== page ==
I’m back home now and slowly easing my way back into “normal” life with a steady diet of baseball and cricket. While there are some benefits to being home quite frankly I’d rather be wandering the footpaths and scrutinizing my OS maps. Unfortunately there’s no adventures on the horizon … at least for now.
After my reluctant departure from Orkney I returned to Inverness on the “Orkney Bus” where I spent a couple of days continuing my genealogy research. I didn’t glean much new information this time around but I did enjoy my visit to the battlefield at Culloden. The new visitors center is excellent and well worth the admission price. As I mentioned in a previous blog entry my 5xgreat-grandfather, Alexander Grant, fought for the Jacobite cause and was badly wounded. Bonnie Prince Charlie made some pretty monumental blunders that day.
From Inverness I took the train to Edinburgh where I enjoyed a 3-day visit to the city, my first since 1983. I spent one day in the Scotland’s People Center madly collecting family research data in an “all-you-can-eat for £10” feeding frenzy. I arrived at 9:15am and didn’t budge from my seat until they closed up shop at 4:30pm. I definitely got my money’s worth! I spent the rest of my time wandering all over the city, mixing touristy sights with visits to the homes and graves of my Edinburgh kin.
At the beginning of the week I returned to London where I met up with Janice (my girlfriend) who flew in the following day. We took the Eurostar (a first for me) to Brussels and caught a train to Bruges where we spent three days. I had a brief visit to Bruges many years ago but this beautiful little city deserved a much longer visit. If you’ve not been then you’ll get an idea of what I mean by checking out the photos in my Photo Gallery. The city itself is a highlight but it would be irresponsible of me not to mention the visit to the pub which offered 400 (yes, 400) different beers.
One of the objectives of this blog was to weave the story of my great-grandfather Herbert into the account of my walk. Unfortunately I didn’t have the time to do a proper job of it so it will have to wait for another day. However I did manage to follow in his footsteps through Flanders fields with the help of a Battlefield Guide I hired prior to leaving Canada. Janice and I met Jacques from Flanders Battlefield Tour in Kortrijk and spent the day exploring the battlefields, memorials and cemeteries in and around Ypres. We followed the road from St. Jan to Wieltje that Herbert marched up with others from the 14th Battalion (Royal Montreal Regiment) on the afternoon of April 22, 1915 in an effort to plug the opening caused by the first gas attacks on the Western front. All around us were the carefully manicured cemeteries, the final resting place of tens of thousands of Commonwealth soldiers, most half my age, that fell in the Ypres Salient. A visit to Flanders is an emotional experience but one I think every Canadian should try to make.
From Bruges we made our way to Amsterdam where we spent a week chilling out in the ‘chill out’ capital of the world. Now Amsterdam can be a wild place on any day but we arrived the day before the World Cup Final and the streets were awash in a sea of orange. They partied hard before and after the match … god only knows what would have happened had they won! What I love about Amsterdam is that despite all the craziness it’s relatively easy to find a quiet spot, even in the heart of the city. We had a fantastic little studio apartment overlooking a bridge and canal, just a five minute walk from heart of the old district. My favourite part of the day was just chilling out with a beer and taking in our leafy surroundings. We were treated to a spectacular lightening storm the day we arrived and throughout the week the hot and humid days would give way to a short and monsoon-like downpour that I haven’t experienced since southeast Asia. We spent most of our time walking and enjoying the cafes (no, not the brown ones) all over Amsterdam but there was one day trip we had to make. That was a visit to the Canadian cemetery at Groesbeek so that Janice could visit the grave of her grandfather who fell liberating Holland in the final weeks of WWII.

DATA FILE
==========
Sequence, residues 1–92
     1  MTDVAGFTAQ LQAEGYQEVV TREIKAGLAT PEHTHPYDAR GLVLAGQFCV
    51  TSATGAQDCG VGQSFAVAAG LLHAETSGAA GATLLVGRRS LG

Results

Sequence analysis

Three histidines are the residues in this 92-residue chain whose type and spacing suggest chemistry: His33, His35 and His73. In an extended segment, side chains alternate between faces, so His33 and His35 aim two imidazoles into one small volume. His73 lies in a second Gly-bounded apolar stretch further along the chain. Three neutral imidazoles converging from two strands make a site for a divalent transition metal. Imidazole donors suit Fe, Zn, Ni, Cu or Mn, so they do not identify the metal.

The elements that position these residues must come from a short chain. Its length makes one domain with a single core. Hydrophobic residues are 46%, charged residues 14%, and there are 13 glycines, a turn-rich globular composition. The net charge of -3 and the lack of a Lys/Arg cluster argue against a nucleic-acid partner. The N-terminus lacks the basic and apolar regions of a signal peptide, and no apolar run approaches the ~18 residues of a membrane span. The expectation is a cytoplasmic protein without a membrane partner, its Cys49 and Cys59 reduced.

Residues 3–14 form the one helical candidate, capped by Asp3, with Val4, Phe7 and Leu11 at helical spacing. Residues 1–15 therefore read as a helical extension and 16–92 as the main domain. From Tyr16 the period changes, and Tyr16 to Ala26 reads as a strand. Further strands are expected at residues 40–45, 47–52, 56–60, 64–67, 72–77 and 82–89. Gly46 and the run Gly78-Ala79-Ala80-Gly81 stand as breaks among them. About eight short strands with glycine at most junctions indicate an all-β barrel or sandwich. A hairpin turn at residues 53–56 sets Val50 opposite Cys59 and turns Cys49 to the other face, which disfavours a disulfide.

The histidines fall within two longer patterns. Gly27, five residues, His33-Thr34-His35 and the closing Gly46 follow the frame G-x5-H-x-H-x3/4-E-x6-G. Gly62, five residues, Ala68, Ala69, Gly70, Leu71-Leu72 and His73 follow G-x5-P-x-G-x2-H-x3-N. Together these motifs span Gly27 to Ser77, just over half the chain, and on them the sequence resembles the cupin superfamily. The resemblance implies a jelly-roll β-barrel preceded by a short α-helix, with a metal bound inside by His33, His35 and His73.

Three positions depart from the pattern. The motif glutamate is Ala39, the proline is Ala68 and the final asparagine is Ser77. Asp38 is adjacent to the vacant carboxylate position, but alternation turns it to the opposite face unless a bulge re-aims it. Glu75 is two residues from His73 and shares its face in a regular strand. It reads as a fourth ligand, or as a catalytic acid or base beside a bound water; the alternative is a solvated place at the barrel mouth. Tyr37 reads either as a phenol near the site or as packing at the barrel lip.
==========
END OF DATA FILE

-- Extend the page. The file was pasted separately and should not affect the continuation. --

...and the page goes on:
After a great stay in Amsterdam we headed to Paris for the final week our trip. Again we rented an apartment and although this one didn’t have the view we had in Amsterdam it did have a fantastic location, just a 5-minute walk from the Eiffel Tower. I know the Eiffel Tower is the ultimate purpose built tourist attraction but I never tired of seeing it, especially at night when it is truly spectacular. For me the best thing about Paris is the Eiffel Tower and the delicious baguettes … I can do without paying $7 for a tiny glass of beer and spending my day negotiating busy intersections on foot. Despite the crowds we logged a lot of miles under very hot and sunny skies. We made one day trip and that was to Vimy Ridge. The recently renovated memorial is, quite simply, stunning. The sun’s reflection off of the white limestone was blinding and several of my photos had to be taken with my eyes closed. In addition to visiting the memorial we had an excellent guided tour of the trenches and tunnels by a Canadian university student – highly recommended should you visit (and you should). Last but not least I visited the grave of my cousin (twice removed) who died on the morning of the battle, April 9, 1917. He was a 23 year-old Lieutenant in the 75th Battalion, one of the 3,598 Canadians who died in the five day battle to take the ridge (an additional 6,000 were injured).
In Part 2 I’ll summarize my thoughts regarding my long walk and offer up my opinions for those planning their own LEJOG.